An invitation to appear at London’s Hyde Park Calling festival not only meant live international exposure for the band, but a chance to meet some high profile idols.

‘We got to meet the Stranglers,’ Condor mentions with the calm of someone discussing the latest news of an old friend.  ‘They were these big-as dudes – just how they look in the pictures – and really nice.  They introduced themselves to us and stuff…’

‘And we got to meet the Bangles, too!’ Gamma interrupts excitedly, perhaps suggesting the diversity of the group’s musical influences.  ‘The lead singer must be, what?  50 now?  She still looks excellent!’

Perhaps suggesting a similar diversity in their fan base, the Galvatrons received positive reviews for their performance at the Download Festival – normally the reserve of heavy metal and more traditional rock bands.  Condor says that it is difficult to put Galvatrons fans into a particular category.  ‘The people going to our gigs are really cool!  They’re not necessarily always the most trendy, but they just like to go out for a good time.  Sometimes we meet the big footy jock dudes, the kind who used to beat me up in high school, and they’re like “I love you, it was awesome!  It was awesome!”’

It was at Download where the Galvatrons caught up with fellow Australians Airborne, and were invited to fill the support slot for some of their latest European tour.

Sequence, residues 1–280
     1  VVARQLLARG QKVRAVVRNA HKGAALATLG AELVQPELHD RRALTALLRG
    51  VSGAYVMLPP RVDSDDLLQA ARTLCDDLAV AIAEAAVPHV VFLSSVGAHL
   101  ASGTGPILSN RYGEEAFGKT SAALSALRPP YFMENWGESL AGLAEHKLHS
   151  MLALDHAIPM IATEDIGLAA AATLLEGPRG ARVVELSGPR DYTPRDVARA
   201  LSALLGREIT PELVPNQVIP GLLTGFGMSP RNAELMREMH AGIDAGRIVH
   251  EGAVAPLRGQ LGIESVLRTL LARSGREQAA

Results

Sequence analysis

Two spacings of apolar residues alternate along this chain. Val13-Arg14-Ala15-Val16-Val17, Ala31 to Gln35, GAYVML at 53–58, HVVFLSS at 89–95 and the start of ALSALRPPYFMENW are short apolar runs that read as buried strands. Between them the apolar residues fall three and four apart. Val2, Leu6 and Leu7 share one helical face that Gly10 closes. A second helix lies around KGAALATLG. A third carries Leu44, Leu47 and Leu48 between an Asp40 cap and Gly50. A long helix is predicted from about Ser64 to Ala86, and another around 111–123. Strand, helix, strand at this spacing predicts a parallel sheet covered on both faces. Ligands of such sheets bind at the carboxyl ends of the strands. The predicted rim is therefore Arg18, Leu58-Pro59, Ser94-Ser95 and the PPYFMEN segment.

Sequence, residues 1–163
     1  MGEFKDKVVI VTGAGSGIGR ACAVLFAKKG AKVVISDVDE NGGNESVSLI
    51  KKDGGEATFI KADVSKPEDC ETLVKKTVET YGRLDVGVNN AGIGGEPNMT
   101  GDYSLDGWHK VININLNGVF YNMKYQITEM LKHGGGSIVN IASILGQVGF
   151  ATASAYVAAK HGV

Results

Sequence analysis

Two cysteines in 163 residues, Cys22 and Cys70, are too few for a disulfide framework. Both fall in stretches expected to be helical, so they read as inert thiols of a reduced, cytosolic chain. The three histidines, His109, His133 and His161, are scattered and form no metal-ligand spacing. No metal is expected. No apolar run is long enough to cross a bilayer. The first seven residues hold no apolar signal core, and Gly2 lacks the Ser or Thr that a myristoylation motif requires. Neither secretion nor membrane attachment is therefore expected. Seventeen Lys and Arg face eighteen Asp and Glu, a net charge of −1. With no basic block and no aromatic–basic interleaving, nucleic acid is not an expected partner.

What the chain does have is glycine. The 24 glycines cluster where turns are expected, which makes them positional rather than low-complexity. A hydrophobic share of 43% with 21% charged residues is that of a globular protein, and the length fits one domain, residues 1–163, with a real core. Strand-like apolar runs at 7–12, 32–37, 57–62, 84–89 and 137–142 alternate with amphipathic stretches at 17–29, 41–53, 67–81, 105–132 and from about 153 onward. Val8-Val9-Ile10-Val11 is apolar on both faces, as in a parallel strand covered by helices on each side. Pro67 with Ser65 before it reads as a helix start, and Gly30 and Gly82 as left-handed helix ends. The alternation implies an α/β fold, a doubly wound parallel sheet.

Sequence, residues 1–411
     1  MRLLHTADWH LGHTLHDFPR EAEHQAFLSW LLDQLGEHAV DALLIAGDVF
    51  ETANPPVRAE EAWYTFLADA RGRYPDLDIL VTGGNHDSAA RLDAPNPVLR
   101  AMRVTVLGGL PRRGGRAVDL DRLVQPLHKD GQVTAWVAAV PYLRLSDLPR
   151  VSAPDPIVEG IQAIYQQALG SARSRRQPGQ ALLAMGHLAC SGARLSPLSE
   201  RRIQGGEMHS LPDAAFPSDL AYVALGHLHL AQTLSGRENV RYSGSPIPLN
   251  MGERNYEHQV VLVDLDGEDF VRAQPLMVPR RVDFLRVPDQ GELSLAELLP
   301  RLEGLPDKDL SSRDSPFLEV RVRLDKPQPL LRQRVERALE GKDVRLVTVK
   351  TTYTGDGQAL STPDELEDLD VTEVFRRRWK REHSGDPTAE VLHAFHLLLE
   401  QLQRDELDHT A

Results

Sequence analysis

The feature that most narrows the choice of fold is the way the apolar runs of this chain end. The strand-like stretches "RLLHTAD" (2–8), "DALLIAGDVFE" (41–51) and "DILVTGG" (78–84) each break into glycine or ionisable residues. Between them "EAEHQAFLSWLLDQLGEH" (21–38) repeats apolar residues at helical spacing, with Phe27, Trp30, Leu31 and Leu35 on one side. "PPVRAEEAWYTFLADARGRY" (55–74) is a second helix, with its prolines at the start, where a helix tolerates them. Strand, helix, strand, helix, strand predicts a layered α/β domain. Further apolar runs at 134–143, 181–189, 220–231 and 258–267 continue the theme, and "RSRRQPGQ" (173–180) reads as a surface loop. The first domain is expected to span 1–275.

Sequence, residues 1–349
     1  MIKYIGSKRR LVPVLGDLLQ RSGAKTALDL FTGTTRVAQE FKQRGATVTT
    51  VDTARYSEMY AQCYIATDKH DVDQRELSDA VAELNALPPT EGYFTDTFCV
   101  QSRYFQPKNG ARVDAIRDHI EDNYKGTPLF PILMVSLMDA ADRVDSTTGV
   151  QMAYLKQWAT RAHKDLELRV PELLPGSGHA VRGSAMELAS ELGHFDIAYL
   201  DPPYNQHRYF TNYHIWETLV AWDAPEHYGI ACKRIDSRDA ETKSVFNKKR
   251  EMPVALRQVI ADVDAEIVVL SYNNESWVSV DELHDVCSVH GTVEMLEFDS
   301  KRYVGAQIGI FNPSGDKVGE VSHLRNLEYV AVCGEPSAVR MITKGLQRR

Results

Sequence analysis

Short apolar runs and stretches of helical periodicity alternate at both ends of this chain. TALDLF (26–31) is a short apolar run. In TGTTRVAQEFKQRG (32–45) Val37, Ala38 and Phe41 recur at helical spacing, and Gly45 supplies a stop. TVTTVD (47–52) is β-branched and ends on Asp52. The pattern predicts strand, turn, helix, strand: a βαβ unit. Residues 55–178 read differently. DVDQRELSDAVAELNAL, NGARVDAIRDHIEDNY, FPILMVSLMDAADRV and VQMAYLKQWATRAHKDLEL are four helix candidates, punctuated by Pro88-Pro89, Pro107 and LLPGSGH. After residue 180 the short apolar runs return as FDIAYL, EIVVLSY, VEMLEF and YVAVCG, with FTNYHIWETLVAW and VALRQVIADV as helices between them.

‘They’ve sold out heaps of European shows last year,’ Condor says.  ‘They’re bloody huge, overseas.  We played a few gigs with them over there.  Two in Ireland and one in Germany, and they were just packed to the rafters.  It was mayhem.’

‘There was this one place, Molotov, in Hamburg,’ Gamma continues.  ‘It was way oversold, so you literally couldn’t move.  It was probably a 200 capacity room, but there were at least three or four hundred in the room.  It was a sweat den.  It was awesome.’

And, perhaps, the inspiration for album track ‘Molotov Cocktail,’ a typically synth-laden celebration in which Johnny recalls cars parked all the way up the street and that ‘these kids know how to have a good time.’

Another of the Galvatrons’ tales of European adventure regards being ejected from festival grounds.

‘Sarah, our manager, said that they were kicking us out,’ Gamma remembers.  ‘Everyone had to go.’

‘They said something like “The man next door complained,”’ Condor adds.

The man next door turned out to be playing the same festival with the Police.

‘There was a band area where everyone had little cabins,’ Condor sets the scene, and Gamma adds that ‘Sting had his own section of cabins.’

‘Our cabin was right next to his section…’ Condor says in summary of the noise complaint.

The brushes with rock fame haven’t ended now that The Galvatrons are back on Australian shores.  The group were selected as support for the entirety of Def Leppard and Cheap Trick’s tour of Australia and New Zealand.  While the Galvatrons were able to get along with their hosts, images of the legends still partying all night, rock ‘n’ roll style, were brought back to earth.

‘They were cool,’ Condor agrees.  ‘They gave us their beers and every night, because they didn’t want to drink much. It was the end of their three-month tour, so they’d flown all their families over for a big holiday in Australia.’